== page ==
So guess what?
We have a new tradition!!!
You heard that right.
It's now a thing in the K family to make Madeleines for Easter.
They look like eggs and also like little stones. It's perfect.
I'm sharing with you one of my absolute favorite recipes, given to me by a wonderful French friend.
And, what's better, I've adapted it for us non-Europeans.
So here we go.
Les Madeleines de Mme G
2 large eggs
3/4 cup (150g) sugar
1 1/5 cup (150g) flour (basically 1 cup, very rounded)
1 stick (125g) unsalted butter
1 pinch of salt
zest from 1 lemon (or 1 orange)
1. Melt the butter over low heat on the stove in a small pan. While this is melting, grease and flour your madeleine molds, making sure to get in all the crevices. Set your oven to 285 F (140 C) and let it preheat.
(Note: I use Baker's Joy because it's easy and works like a charm, but the basic idea is to get your molds greased and floured really well, otherwise the madeleines may stick after they're baked.)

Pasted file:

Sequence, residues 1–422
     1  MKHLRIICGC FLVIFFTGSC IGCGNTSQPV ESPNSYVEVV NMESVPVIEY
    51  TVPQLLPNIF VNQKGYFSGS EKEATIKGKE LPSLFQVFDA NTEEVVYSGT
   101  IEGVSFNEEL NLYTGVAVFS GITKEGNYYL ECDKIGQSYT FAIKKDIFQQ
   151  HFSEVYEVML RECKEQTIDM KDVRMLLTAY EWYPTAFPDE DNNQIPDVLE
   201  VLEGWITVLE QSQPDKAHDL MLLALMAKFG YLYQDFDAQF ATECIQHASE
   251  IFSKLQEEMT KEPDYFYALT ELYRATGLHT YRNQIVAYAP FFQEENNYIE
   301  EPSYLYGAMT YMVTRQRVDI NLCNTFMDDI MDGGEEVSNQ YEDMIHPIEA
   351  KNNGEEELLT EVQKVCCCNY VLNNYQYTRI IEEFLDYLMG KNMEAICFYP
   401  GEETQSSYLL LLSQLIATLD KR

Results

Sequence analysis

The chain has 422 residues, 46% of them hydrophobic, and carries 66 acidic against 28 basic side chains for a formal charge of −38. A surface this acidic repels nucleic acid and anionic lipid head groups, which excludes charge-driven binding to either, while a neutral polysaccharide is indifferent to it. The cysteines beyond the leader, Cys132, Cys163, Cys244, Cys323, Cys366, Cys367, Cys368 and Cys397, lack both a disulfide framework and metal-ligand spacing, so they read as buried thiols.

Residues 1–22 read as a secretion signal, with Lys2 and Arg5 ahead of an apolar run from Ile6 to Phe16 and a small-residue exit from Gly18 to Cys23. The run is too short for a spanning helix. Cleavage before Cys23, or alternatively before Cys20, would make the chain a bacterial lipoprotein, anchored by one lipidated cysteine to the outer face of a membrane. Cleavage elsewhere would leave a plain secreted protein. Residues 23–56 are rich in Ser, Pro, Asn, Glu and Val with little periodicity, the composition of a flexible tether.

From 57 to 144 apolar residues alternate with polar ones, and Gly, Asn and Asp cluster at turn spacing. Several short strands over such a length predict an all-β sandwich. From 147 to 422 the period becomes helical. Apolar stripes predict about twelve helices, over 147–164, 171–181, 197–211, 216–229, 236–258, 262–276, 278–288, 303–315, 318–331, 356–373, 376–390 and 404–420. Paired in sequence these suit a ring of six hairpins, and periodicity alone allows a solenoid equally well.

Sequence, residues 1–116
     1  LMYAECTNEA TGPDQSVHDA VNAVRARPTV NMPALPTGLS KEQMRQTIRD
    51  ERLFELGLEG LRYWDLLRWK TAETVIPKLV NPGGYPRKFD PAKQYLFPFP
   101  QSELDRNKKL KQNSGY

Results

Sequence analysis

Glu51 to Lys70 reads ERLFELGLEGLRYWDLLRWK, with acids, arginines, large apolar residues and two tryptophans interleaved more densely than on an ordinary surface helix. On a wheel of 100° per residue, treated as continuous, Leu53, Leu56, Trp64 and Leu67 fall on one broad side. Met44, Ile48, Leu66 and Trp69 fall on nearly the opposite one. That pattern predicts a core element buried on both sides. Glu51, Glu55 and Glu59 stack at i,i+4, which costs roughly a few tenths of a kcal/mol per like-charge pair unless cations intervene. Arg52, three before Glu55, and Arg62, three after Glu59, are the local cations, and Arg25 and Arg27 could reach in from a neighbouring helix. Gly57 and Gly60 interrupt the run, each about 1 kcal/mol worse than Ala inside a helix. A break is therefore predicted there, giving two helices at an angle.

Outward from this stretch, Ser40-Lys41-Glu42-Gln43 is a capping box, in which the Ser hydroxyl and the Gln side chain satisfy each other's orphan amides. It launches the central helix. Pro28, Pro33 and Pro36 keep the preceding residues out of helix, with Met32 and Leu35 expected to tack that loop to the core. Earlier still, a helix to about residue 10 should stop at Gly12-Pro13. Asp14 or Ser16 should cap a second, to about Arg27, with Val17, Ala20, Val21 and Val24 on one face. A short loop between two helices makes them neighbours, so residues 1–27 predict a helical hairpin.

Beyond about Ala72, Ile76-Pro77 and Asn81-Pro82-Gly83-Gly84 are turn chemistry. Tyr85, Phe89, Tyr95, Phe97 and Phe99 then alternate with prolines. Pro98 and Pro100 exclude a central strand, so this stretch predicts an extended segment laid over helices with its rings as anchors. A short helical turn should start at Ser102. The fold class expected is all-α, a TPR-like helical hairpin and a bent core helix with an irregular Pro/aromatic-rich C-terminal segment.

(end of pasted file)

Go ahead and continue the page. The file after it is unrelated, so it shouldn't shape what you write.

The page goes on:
2. In a large bowl, mix the eggs with the sugar and salt. Beat them until they are foamy and pale yellow about 3-5 minutes. Don't over mix.
(Note: When you lift your whisk out of the mixture, the mixture should 'ribbon' or fall in long flat strands from the whisk to rest on the surface before sinking, resembling fabric ribbons.)
3. Add the flour and butter, a little at a time, and mix until.
4. Add the zest. (I didn't have any lemons or oranges, so I added almond extract and a splash of lemon juice).
5. Fill each mold only halfway, very important! It'll look small and dinky but trust me, the batter will spread and fill the mold.
(Note: If you have too much, it WILL overflow, and then you'll be sad because you could have had more madeleines.)
6. Bake the madeleines in the oven, already set at 285 F (140C) for 5 to 8 minutes. Then, without opening the door, raise the temperature to 350 F (170-180C) for about 10 minutes. They're done when the edges are slightly golden brown.
(Note: Because of the high altitude here, I increased the temperatures to 300F and 365F, respectively, and lengthened their times slightly. 8 minutes at the first temp, 11-12 minutes at the second temp.)
These are great served at tea time. Or with fresh berries or ice cream, or with both! I like them plain though. Miammm!
Of course, even with this new tradition, we can never get rid of the old one: Dyeing eggs.
So, to all who celebrate, Happy Easter!
Until next time,